Sollte es euch in den Norden von Dänemark verschlagen, dann ist dieser Ort ein „must see“.
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  • Day7

    Skiveren Camping

    August 30, 2018 in Denmark ⋅ ☀️ 15 °C

    Endlich wieder einmal ein Campingplatz ohne „vierminutenjetonmaschinedannstelltdaswasserabundesistarschkalt“.
    Ein 4* Platz der seine Sterne auch verdient, vom super freundlichen Empfang bis Wasser und Strom auf dem Platz über Gratis-WIFI und Wellnessbereich mit Fitness etc. etc.
    Da wir leider nur eine Nacht hier verbringen, ist das mit dem Fitness nix....
    Auf einem schönen Strandspaziergang macht Richi mit Sara noch ein paar Drohnenbilder die uns die traumhafte Umgebung nochmals eindrücklich zeigen. Heute war eigentlich gemäss unserem Wetter-App schlechtes Wetter angesagt, doch es war trocken und sehr angenehm, so hoffen wir doch dass es so bleibt, wie wir doch wissen, ist es an der Küste mit dem Wetter nämlich so eine Sache ;-)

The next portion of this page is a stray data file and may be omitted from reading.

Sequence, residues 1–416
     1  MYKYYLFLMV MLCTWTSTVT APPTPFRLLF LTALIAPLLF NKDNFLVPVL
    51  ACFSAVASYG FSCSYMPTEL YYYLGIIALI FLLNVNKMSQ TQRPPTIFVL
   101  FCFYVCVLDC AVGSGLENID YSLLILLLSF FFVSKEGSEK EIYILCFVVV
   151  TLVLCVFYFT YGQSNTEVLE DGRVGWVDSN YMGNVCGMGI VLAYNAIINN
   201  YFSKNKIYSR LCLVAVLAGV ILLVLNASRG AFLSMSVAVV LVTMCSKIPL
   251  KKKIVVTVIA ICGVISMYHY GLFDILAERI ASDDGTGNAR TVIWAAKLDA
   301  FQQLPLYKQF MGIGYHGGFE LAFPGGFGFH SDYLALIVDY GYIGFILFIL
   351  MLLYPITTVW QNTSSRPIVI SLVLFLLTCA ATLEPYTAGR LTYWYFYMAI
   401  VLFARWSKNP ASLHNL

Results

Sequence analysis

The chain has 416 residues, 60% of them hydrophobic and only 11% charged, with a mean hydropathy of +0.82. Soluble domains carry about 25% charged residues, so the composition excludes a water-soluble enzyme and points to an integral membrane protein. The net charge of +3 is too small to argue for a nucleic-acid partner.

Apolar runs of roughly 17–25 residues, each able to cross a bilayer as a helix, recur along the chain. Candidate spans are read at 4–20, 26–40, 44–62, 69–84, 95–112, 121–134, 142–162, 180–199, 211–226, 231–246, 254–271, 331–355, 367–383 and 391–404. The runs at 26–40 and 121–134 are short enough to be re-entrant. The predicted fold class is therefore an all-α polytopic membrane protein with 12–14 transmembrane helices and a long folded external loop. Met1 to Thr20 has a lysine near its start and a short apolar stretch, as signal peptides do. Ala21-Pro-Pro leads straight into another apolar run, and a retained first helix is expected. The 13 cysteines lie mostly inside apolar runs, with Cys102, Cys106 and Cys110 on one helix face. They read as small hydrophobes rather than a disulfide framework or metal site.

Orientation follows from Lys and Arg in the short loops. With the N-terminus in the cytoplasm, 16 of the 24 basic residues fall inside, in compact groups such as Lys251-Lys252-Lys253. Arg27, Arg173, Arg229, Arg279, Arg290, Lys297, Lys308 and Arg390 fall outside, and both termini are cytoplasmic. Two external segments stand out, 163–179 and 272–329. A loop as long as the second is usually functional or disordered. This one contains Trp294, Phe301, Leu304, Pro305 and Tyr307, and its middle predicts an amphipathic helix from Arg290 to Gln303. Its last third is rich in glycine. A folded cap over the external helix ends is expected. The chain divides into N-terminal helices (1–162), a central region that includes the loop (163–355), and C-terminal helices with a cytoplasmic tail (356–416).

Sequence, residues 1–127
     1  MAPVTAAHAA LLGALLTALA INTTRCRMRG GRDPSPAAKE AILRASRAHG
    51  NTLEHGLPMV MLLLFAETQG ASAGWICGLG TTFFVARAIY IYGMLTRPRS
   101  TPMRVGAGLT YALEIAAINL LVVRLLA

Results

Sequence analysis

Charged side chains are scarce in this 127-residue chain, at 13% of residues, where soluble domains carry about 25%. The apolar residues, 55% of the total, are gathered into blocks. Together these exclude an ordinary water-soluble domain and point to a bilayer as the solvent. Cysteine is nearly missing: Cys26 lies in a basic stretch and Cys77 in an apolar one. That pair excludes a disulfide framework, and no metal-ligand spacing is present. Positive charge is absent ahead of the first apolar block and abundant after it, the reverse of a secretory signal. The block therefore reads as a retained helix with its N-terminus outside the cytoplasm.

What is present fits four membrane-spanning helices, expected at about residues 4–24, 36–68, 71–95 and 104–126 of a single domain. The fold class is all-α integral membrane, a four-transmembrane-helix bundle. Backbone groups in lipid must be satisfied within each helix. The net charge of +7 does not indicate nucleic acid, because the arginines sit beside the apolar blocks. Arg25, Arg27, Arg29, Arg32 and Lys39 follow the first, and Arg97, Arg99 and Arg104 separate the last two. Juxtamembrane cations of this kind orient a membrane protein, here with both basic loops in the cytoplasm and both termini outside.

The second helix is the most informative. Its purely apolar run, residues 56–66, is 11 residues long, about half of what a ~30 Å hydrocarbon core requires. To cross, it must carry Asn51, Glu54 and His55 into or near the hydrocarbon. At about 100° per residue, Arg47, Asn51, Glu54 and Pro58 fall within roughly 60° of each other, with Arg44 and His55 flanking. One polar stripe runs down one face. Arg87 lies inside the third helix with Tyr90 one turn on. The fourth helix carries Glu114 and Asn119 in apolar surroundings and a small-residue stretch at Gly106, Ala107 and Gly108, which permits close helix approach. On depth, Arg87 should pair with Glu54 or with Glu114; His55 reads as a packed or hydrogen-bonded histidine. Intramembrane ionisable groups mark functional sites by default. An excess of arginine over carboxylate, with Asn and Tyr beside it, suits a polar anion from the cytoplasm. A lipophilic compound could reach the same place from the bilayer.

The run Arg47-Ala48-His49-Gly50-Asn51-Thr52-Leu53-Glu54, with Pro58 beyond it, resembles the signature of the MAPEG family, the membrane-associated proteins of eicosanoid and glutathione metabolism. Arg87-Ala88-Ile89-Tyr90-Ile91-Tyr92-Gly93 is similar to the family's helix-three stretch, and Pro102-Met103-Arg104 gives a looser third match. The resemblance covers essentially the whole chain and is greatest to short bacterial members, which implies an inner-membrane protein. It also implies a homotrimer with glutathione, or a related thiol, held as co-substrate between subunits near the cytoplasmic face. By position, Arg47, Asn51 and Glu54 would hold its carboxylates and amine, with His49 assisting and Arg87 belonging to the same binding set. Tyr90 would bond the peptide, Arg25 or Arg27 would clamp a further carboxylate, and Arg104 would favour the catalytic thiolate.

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  • Day8

    Skagen Grenen

    August 31, 2018 in Denmark ⋅ ⛅ 15 °C

    Skagen Grenen ist der nördlichste Punkt Dänemarks und eine einzigartige Naturerscheinung, denn hier treffen zwei Meere aufeinander, nämlich das wilde Skagerrak und das ruhige Kattegat. Dieses Schauspiel müssen wir natürlich anschauen und da ist auch der halbstündige Spaziergang nicht zu weit. Dort wo die beiden Meere zusammenstossen, kann man sehen, dass die Wellen aus verschiedenen Richtungen kommen, was eine starke Strömung verursacht. Hier ist darum Baden lebensgefährlich und deshalb auch Badeverbot.
    Auch an dieser Küste finden wir wieder verschiedene Bunker die zur Atlantikwall gehören und zum Teil schon fast im Meer versunken sind. Vor der Küste wurde während des Krieges und auch noch danach so mancher Fischkutter von in der Nordsee ausgelegten Seemienen zerrissen.
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Frederikshavn Kommune